Is this the new United Airlines business class seat for the Boeing 777-300ER?

Is United about to announce a new business class seat for its Boeing 777-300ERs? Rendering: Industry source. 

Is United about to announce a new business class seat for its Boeing 777-300ERs? Rendering: Industry source. 

United Airlines soon will start taking delivery of 14 new Boeing 777-300ERs, and most industry observers expect the aircraft will come with a new business class product. 

But what will it be?

United has declined to say, with an airline spokeswoman telling me on Thursday, "the configuration is still under review." She added she had "Nothing to share today."

But industry sources told me on Thursday that United is starting to update internal manuals in preparation for the new planes, the first of which should arrive late this year. My sources said crews received new information this week.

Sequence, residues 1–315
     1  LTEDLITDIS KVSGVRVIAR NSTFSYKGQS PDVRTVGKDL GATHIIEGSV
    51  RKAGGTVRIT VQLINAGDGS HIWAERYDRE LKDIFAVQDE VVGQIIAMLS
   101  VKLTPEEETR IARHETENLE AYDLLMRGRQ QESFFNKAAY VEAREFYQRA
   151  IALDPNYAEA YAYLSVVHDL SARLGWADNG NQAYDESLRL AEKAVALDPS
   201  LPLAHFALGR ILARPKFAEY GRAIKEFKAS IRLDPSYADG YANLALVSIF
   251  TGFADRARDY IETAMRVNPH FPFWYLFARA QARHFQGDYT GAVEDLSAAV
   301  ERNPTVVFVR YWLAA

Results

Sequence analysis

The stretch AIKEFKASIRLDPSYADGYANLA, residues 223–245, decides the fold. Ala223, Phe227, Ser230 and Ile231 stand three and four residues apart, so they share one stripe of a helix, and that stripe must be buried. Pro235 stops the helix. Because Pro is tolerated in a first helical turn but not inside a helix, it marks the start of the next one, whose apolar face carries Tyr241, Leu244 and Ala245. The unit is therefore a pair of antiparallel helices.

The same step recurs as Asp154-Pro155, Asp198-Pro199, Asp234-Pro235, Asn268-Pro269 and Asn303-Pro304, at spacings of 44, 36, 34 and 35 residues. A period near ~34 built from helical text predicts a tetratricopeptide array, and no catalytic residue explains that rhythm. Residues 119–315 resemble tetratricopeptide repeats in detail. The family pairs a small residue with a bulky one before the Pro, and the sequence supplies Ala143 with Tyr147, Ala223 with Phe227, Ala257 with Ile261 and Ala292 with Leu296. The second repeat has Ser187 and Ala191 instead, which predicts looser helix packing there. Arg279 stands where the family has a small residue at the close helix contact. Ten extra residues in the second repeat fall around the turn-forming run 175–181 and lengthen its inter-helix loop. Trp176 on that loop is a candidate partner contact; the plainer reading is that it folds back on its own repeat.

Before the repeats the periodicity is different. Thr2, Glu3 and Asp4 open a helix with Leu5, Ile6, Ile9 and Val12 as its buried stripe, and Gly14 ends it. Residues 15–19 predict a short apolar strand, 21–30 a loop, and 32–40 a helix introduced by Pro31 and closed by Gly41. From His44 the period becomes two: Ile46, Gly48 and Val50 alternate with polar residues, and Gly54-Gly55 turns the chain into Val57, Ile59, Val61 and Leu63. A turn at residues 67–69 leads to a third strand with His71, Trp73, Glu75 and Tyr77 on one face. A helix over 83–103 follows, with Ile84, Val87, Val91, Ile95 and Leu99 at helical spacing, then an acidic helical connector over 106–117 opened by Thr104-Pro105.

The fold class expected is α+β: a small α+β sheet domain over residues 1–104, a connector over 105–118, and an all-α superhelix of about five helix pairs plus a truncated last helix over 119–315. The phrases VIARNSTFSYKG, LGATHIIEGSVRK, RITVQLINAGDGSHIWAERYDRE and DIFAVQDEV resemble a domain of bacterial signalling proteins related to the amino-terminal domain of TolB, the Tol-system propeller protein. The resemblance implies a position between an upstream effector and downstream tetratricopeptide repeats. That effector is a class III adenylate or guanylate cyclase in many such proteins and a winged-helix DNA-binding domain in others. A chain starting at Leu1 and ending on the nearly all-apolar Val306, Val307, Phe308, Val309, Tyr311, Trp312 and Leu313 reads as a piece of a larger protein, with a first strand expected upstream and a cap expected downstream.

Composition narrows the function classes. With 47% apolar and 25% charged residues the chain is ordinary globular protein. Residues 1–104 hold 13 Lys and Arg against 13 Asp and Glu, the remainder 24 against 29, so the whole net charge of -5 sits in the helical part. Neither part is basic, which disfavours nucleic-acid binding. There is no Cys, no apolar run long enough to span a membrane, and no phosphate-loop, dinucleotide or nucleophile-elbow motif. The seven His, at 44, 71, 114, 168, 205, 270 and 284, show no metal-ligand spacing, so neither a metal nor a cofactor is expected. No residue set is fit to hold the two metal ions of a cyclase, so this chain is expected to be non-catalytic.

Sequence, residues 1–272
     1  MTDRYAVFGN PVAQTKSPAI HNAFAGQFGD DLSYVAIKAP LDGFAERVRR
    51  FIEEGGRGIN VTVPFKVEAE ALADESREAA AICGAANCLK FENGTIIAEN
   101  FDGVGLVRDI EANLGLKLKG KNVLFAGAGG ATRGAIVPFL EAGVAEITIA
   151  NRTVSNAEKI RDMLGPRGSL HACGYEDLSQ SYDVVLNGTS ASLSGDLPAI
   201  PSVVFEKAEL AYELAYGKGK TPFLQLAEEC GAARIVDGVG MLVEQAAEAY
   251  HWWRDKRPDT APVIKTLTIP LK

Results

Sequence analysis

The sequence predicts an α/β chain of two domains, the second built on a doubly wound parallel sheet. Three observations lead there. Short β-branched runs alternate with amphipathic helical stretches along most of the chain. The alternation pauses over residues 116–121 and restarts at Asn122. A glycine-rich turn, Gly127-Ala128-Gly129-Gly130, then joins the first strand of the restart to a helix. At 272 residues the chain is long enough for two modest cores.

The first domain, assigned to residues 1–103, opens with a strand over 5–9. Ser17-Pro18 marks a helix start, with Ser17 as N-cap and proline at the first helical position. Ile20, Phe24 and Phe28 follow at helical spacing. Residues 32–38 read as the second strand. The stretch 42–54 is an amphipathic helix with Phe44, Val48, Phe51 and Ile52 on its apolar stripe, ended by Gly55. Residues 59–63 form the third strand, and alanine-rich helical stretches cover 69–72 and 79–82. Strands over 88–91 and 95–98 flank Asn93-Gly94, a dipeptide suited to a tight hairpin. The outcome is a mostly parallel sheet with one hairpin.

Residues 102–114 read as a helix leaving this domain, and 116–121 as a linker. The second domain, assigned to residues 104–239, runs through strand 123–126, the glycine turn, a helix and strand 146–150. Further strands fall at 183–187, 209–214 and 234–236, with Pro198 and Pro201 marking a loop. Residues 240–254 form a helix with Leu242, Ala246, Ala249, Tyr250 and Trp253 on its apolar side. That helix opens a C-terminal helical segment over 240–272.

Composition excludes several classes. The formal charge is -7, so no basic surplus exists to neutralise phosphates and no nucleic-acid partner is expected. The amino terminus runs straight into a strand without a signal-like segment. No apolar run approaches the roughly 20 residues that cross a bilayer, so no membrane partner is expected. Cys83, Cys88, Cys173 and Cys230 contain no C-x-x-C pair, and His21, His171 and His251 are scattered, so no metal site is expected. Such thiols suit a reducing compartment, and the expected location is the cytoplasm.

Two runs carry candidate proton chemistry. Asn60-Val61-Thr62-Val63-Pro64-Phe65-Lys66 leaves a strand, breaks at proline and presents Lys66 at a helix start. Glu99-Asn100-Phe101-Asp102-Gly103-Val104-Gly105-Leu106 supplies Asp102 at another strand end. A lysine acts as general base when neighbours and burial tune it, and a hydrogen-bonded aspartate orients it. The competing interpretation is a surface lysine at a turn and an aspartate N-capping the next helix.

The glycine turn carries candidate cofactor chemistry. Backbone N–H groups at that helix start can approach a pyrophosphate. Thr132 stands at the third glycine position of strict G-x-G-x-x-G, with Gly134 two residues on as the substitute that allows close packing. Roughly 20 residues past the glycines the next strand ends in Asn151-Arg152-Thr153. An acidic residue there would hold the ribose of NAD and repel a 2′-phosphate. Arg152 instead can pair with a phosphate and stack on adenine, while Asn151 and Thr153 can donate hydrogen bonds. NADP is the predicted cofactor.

Sources shared with me two diagrams of what the plane could look like. 

This is the business class section. I have not seen anything like this on another airline. Many other airlines have a 1-2-1 configuration in business class, but that does not appear to be the case here. [Update: Some of you have commented that this could be a version of 1-2-1 and might be similar to what Thai Airways and some other airlines have. It seems to depend on how you interpret the diagram.]

My sources also sent a possible diagram of coach. Here, you see 10 seats across, or one more than most United 777s have today. But earlier this week, United confirmed plans to add a 10th seat on 19 of its existing 777s, so it is not a big surprise that the airline might go with 10 across for the new 777-300ERs. 

I had hoped United would tell me what it planned for the configuration, but that did not happen, so I'll be watching to see how the airline decides to publicly share its plans for the 777-300ERs. We'll have to see if this is the official configuration. 

In another 777-300ER development, United's senior vice president of flight operations told pilots last month that "most, if not all," of the new planes would fly from Newark, New Jersey. But that stuff always is subject to change. 


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